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Recent OSEP Letter Offers Clarification That District Administrators Should Not Be Present at IEP Meetings as Observers

Posted on November 15, 2019

On May 2, 2019, the United States Department of Education’s Office of Special Education Programs (OSEP), which issues policy letters to “provide information, guidance and clarification regarding implementation of the Individuals with Disabilities Education Act (IDEA),”[1] issued Letter to Haller, and answered a question regarding “school administrators attending the [individualized education program (IEP)] meeting as non-contributing observers.” Letter to Haller, (OSEP 2019). OSEP emphasized “attendance at IEP Team meetings should be limited to individuals who would contribute to decisions about the appropriate services to be included in the child’s IEP,” and “attendance at IEP meetings should be limited to those who have an intense interest in the child.” Id. (citing Cong. Rec. § 10974 (June 18, 1975) (remarks of Sen. Randolph)).  OSEP also reminded Districts to be mindful of the fact confidentiality of student information in IDEA matters is paramount. OSEP concluded its policy letter with advice for what Districts should consider if they are contemplating having a school administrator observe an IEP meeting: “a public agency should be mindful of the interests of the child, including the confidential and sensitive nature of discussions that occur and the personally identifiable information that is exchanged during those meetings.” Id.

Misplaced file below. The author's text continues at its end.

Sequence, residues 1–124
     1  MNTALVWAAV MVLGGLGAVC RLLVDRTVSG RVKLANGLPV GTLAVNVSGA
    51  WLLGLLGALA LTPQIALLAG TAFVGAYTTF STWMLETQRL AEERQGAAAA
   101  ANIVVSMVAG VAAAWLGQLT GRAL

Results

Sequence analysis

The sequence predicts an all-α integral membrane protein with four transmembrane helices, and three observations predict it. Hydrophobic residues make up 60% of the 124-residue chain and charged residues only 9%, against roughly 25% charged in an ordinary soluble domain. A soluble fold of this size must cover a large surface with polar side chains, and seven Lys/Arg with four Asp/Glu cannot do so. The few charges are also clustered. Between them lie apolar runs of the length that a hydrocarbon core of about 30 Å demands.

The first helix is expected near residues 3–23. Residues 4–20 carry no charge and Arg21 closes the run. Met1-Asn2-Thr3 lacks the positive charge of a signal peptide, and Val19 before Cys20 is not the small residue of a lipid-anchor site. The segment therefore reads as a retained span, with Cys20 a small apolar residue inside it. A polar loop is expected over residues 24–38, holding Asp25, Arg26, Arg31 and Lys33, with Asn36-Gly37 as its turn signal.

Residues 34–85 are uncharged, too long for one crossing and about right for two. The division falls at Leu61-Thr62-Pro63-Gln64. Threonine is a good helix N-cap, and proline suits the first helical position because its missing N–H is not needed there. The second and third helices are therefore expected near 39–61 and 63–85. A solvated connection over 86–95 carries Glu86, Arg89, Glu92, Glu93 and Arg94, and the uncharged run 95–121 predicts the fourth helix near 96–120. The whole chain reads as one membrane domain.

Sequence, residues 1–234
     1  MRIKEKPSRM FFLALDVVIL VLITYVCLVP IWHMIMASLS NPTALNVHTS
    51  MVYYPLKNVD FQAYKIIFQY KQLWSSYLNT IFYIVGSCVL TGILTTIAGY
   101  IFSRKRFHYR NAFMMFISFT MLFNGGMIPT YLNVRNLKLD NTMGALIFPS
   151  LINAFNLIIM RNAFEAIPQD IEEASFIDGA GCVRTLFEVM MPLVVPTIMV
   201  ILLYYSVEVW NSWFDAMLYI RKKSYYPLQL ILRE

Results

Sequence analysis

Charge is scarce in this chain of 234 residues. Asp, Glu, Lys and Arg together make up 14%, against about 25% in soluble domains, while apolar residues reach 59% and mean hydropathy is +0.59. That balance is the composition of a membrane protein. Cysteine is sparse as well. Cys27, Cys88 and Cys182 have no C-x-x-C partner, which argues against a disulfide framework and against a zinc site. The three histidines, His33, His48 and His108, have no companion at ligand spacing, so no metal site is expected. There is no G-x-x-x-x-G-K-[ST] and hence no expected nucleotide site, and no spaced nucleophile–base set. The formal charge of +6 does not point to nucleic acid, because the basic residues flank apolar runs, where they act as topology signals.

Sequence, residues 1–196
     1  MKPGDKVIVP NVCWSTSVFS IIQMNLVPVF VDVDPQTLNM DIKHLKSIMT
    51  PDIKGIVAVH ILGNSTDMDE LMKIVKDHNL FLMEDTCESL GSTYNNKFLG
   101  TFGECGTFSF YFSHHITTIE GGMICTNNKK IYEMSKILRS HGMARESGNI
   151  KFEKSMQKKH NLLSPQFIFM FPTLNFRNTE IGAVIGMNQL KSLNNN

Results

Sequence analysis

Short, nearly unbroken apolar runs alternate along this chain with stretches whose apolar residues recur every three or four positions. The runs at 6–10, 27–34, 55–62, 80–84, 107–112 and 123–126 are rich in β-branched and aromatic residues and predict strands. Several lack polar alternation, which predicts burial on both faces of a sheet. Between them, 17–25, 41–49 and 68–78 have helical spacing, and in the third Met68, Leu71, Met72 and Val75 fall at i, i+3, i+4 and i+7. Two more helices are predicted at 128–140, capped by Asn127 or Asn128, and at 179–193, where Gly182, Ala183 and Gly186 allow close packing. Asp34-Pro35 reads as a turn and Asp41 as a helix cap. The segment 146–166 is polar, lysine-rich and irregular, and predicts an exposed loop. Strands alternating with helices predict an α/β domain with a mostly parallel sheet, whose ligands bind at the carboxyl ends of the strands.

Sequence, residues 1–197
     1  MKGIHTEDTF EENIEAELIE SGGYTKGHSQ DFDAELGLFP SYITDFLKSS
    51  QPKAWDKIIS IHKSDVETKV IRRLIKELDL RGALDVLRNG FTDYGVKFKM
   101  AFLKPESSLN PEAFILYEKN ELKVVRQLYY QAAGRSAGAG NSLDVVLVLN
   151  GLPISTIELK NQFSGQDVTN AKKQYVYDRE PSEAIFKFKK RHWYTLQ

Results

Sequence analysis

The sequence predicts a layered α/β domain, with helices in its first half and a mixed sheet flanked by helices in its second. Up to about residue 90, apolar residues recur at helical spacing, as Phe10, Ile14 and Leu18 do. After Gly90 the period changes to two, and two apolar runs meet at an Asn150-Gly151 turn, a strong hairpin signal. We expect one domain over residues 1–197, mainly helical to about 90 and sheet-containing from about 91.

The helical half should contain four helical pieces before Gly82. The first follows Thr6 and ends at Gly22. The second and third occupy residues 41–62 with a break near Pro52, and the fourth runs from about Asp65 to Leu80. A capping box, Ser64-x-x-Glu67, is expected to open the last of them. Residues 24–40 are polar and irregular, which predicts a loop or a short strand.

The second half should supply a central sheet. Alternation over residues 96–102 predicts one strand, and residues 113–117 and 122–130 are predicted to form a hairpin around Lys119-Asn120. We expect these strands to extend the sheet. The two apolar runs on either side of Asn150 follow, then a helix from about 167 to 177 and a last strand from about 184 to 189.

For parents, when you receive your child’s IEP meeting notice, make sure to review the proposed attendance list. If there is a school administrator listed who will be an observer, or who does not have a specific purpose noted for being at the student’s IEP meeting, you may want to ask what their purpose is for attending the meeting. If there is no purpose for their attendance, and you do not want this person to attend your child’s IEP meeting, you can consider requesting the District remove this participant. It is always important to remember you have rights as parents, and as an IEP Team Member.

Written by Alison K. Morris, Esq. of the Westchester Office.

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